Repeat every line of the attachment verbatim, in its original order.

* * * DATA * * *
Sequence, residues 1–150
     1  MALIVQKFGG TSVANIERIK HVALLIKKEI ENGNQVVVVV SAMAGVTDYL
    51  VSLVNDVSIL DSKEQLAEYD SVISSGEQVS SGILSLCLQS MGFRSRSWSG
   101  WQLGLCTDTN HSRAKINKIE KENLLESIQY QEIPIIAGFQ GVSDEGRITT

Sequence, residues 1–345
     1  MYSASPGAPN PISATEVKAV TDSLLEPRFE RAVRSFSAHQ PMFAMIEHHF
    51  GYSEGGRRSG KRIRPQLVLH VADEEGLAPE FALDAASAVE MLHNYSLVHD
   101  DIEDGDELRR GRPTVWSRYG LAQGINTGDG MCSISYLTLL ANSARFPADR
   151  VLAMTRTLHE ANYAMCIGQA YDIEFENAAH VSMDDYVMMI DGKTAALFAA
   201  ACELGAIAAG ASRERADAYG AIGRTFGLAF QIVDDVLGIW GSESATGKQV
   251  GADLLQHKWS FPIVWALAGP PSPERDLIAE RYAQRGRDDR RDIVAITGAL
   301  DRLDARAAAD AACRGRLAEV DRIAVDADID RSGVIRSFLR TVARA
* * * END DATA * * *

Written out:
Sequence, residues 1–150
     1  MALIVQKFGG TSVANIERIK HVALLIKKEI ENGNQVVVVV SAMAGVTDYL
    51  VSLVNDVSIL DSKEQLAEYD SVISSGEQVS SGILSLCLQS MGFRSRSWSG
   101  WQLGLCTDTN HSRAKINKIE KENLLESIQY QEIPIIAGFQ GVSDEGRITT

Sequence, residues 1–345
     1  MYSASPGAPN PISATEVKAV TDSLLEPRFE RAVRSFSAHQ PMFAMIEHHF
    51  GYSEGGRRSG KRIRPQLVLH VADEEGLAPE FALDAASAVE MLHNYSLVHD
   101  DIEDGDELRR GRPTVWSRYG LAQGINTGDG MCSISYLTLL ANSARFPADR
   151  VLAMTRTLHE ANYAMCIGQA YDIEFENAAH VSMDDYVMMI DGKTAALFAA
   201  ACELGAIAAG ASRERADAYG AIGRTFGLAF QIVDDVLGIW GSESATGKQV
   251  GADLLQHKWS FPIVWALAGP PSPERDLIAE RYAQRGRDDR RDIVAITGAL
   301  DRLDARAAAD AACRGRLAEV DRIAVDADID RSGVIRSFLR TVARA